Two Men Fishing Small Jetty


Everyone knows a wide variety bream species flock to structure like moths round a flame. Getting out in the estuaries and hitting piers, jetties, fallen trees and just about any snags you can find is the best way to take bream. It is hardly surprising. Structure provides ample amounts of food in the form of crustaceans and baitfish; it also provides respite from tides and currents, shade and easy access to deep water.


Dealing with vertical structure involves some thought and strategy. The first thing you want to do is determine at what depth the bream are lurking. They will be sitting behind the structure in an eddy, waiting for the current to take some poor unsuspecting baitfish their way. Once you have established if the bream are feeding near the surface, in the midwater, or down in the depths you can choose your lure accordingly.

You should have decent hardbodies, crankbaits, soft plastics and maybe even some metal blades in your arsenal for just about species of bream. If they are fishing within a few feet from the surface, a hardbody should lure them up. In the midwater, lightly-weighted soft plastics will drift down to them, or crankbaits will do the trick. For the stubborn fish that sit in the depths, hit them with heavier plastics of a metal blade that can get down to their lairs.

Structure like bridge pylons and jetty supports are often located in areas of strong current and tidal flow. This comes in handy when fishing vertical structure. You can throw some lures into the current and give it some twitch as the flow takes it past the structure, into the mouths of the waiting fish.


Under horizontal structure, like jetties, pontoons and anchored boats, many varieties of bream will sit right underneath it near the surface, or slightly deeper in the midwater. Just like with vertical structure, you will want to use a hardbody or a lightly weighted soft plastic or crankbait and use the wind or current to take it directly under the structure.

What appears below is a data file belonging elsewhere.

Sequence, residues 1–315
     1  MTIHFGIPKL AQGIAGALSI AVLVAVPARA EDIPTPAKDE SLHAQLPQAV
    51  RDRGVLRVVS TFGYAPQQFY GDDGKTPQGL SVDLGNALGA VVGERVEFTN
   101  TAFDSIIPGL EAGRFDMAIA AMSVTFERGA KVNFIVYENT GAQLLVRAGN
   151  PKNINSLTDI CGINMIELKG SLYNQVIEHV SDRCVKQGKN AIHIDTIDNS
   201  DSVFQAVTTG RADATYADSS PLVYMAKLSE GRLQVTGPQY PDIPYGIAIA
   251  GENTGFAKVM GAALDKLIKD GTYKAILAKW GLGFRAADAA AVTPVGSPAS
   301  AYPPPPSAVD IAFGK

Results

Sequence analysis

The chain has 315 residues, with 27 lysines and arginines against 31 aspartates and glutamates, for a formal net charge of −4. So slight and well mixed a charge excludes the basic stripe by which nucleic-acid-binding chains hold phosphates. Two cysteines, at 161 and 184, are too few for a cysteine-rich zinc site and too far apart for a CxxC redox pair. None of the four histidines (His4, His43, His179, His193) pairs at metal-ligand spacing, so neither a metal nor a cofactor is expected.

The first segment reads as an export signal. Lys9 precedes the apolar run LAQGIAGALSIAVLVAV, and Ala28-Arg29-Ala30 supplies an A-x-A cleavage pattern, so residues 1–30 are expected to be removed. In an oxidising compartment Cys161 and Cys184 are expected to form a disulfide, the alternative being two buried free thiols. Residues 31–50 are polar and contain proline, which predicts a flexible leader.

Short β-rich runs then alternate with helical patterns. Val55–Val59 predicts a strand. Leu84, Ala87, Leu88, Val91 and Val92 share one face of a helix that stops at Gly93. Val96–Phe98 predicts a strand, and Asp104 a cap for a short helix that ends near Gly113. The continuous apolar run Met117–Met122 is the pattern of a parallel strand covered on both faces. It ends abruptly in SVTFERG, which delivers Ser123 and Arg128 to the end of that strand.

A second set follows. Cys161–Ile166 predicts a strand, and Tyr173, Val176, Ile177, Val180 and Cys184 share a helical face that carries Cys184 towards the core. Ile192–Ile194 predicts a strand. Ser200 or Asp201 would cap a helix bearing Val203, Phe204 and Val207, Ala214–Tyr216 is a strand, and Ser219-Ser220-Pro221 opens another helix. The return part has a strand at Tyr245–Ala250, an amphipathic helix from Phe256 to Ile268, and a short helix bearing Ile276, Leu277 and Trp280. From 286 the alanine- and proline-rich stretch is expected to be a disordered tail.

If this doesn’t work, try luring them out from their den by dropping a slowly sinking lure adjacent to the structure. Give it some movement and life as it falls. With any luck, they will let it fall to the midwater, or even to the bottom in some cases, before taking it on the drop.


Bream fishing can also be successful in open water structure. They will congregate around drop offs, reefs and ledges. I usually fish these slightly differently. I will use metals or heavier plastics to get them down to the bottom on a slackline, then let the lure sit for around a minute. You don’t even need to give the lure much movement. They seem quite happy to take it off the bottom when it is sitting motionless.


I usually opt for a slightly heavier set up when hitting the structure. I have been caught out by a couple of monsters before and learnt my lesson. I use a 2-4kg rod with 6-8lb braid.

Following these simple rules, it will only be a matter of time before you start landing a variety of bream species. The best thing about taking these fish around structure is everyone can do it.


Is there anything you can add to these tips? Let us know in the comments section below.

Peter Hollingsworth

Peter has been fishing all around Australia since he was a boy. He loves camping, fishing and kayak fishing.